Finding our strengths: How we approach hiring at LURN
LURN is hiring and the process of interviewing and vetting candidates has made me reflect on what it takes to build a strong team. We are committed to building a team that not only works well together but is effective in carrying out our mission. Although this isn’t the first time we’ve hired, the process is no less anxiety-ridden for me. Great organizations are made up of strong, committed people who go above and beyond to get the job done. How do you find them? How do you know if the person you hire is going to work out? How do you properly evaluate a candidate’s skills in an interview? Will they work effectively with the other people on the team?
I believe that everyone has unique strengths, special superpowers, that if channeled thoughtfully, can contribute to something much bigger than any one individual can do on their own. Last week, the team at LURN got a copy of StrengthsFinder 2.0. If you haven’t heard of this book, it summarizes Don Clifton’s work on Strengths-based Psychology and the accompanying test evaluates your strengths based on a 170 question survey that you take in about 30 minutes.
After taking the test, we were a little surprised by how much overlap we had and also some of the strengths that only one of us held. These are the top 3 overlapping strengths on our team:
1. Learner - Four out of the six of us have this as a top 5 strength. According to the book, we love to learn. “It enables you to thrive in dynamic work environments where you are asked to take on short projects assignments and are expected to learn a lot about a new subject matter in a short period of time.” This made a lot of sense for our organization. The complex issues our communities are facing requires us to be nimble in how we work and build up an ability to dive into issues we may not know too much about.
I think the best team members are those that are hungry for knowledge in this way. They are “seekers of truth” and have an insatiable appetite to get to the bottom of a problem. You know you have found a “learner” when you’re having a conversation with them about a random topic and they say, “Hmm...I don’t know the answer to that. Let me look it up right now.” (As they pull up their smartphone.)
2. Empathy - Three of us have this as a top 5 strength. This one is my personal favorite (and my #2 strength). Folks with this strength can “sense the emotions of those around you. You can feel what they are feeling as though their feelings are your own...you are able to see the world through their eyes and share their perspective.” Much of the work we do, especially in the advocacy arena, requires a great deal of empathy, both to find kinship with vulnerable communities and fight alongside them, but also to work with groups who may not understand the experiences of communities they’re not familiar with.
I think empathy lends itself well to an important trait in our work: the ability to communicate. One of the most important traits in a team member is an ability to communicate. Communication entails an ability to write and speak well, but also the capacity to be vulnerable with the people you work with: Can you share when you’re struggling with a project? Do you receive feedback well? Can you hold space for other team members to share their challenges with you? This is deep, but necessary. Having an ability to put yourself in the shoes of your client, your colleague, or your supervisor is crucial.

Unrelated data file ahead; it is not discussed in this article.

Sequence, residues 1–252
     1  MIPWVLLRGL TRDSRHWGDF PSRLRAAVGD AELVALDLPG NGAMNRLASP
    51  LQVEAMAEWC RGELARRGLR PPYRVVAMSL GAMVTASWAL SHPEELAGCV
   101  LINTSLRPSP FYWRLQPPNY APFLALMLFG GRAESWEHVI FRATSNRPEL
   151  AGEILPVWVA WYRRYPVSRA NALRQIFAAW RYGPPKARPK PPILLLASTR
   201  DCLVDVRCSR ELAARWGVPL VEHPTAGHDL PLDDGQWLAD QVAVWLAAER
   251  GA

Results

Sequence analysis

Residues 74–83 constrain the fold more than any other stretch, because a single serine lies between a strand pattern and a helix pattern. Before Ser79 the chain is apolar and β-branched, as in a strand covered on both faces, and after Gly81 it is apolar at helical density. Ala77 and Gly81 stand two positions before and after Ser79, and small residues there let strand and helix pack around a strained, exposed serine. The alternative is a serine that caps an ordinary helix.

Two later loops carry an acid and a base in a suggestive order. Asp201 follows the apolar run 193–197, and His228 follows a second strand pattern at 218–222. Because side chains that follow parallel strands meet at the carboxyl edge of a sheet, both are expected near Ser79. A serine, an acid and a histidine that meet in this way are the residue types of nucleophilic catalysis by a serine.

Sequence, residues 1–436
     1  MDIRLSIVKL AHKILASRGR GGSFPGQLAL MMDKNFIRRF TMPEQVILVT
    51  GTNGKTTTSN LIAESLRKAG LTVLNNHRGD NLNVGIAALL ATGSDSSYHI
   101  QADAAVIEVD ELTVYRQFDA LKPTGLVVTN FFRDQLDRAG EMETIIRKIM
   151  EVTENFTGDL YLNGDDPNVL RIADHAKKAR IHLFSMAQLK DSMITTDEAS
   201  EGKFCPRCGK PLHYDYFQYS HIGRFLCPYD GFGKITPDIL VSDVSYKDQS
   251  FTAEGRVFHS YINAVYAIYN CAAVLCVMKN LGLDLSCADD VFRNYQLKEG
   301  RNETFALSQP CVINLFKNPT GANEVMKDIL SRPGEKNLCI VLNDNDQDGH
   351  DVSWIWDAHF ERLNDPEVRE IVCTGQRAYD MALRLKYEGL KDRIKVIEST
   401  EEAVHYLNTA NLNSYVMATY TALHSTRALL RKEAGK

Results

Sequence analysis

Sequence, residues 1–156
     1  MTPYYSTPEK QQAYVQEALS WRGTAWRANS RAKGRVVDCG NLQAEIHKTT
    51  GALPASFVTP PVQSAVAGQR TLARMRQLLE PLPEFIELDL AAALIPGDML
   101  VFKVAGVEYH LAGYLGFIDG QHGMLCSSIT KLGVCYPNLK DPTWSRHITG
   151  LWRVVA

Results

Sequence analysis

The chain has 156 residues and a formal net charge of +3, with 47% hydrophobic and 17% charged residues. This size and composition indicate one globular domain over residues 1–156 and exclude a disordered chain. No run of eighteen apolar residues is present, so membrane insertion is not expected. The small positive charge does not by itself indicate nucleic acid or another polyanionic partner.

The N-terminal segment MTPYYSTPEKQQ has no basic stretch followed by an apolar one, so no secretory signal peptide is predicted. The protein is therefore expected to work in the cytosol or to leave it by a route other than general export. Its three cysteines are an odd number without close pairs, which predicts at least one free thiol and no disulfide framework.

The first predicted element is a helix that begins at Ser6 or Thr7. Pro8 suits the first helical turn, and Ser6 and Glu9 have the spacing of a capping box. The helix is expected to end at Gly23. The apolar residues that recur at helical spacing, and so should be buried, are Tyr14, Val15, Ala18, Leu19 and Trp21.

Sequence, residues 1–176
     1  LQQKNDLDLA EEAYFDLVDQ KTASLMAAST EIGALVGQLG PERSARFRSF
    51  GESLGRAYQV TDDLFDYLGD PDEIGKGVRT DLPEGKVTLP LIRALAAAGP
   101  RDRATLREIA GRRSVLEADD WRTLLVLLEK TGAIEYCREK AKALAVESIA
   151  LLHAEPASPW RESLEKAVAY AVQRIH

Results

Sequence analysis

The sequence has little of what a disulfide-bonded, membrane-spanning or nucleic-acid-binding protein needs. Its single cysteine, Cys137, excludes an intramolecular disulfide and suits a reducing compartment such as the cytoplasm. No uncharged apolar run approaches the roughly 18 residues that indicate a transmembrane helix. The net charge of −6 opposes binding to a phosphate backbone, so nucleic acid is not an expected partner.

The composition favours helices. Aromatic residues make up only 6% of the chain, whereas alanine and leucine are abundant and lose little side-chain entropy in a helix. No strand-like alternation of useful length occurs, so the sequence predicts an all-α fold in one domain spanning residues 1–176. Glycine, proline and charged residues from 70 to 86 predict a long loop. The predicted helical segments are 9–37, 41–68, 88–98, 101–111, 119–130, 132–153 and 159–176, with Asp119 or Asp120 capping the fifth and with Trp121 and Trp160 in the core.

3. Developer - Three of us have this strength in our top 5. Developers are all about seeing the potential in others. They love helping people get to the next level. They are firm coaches and love to set clear milestones for people to achieve their goals. It’s no surprise that our Azusena, our Director of Programs had this as her #1 strength.
I also see people with this strength as having “ganas.” Developers tend to model the behavior they are trying to coach by showing people the way through action. They have gumption and want to show the way. I love working with people that have a strong sense of resourcefulness and initiative in this context. They are the folks that are quick to get up in a meeting to write notes on a flipboard to help the meeting-goers follow along. Folks with gumption show up to a meeting and don’t wait to be asked to help move tables or get more chairs. They’re leaning in and are active participants.
There were other interesting strengths that showed up that only one of us had. Lyric had a clear strength in problem-solving (the “Restorative” strength), Kat had a very strong ability to visualize the future of our work (the “Futuristic” strength), and Julie’s results highlighted her ability to build new relationships (the “Woo” strength).
My main takeaway from the exercise is that instead of solely focusing on improving our weaknesses, we should be aware of our personal strengths, and work with others who encourage and compliment the areas where we excel. This is the lens that we use as we recruit for our team, and also the spirit we embody when we work with organizational partners in the field. We can’t do everything ourselves here at LURN or in our communities; we need each other to bring our superpowers forward to make our cities better places to live.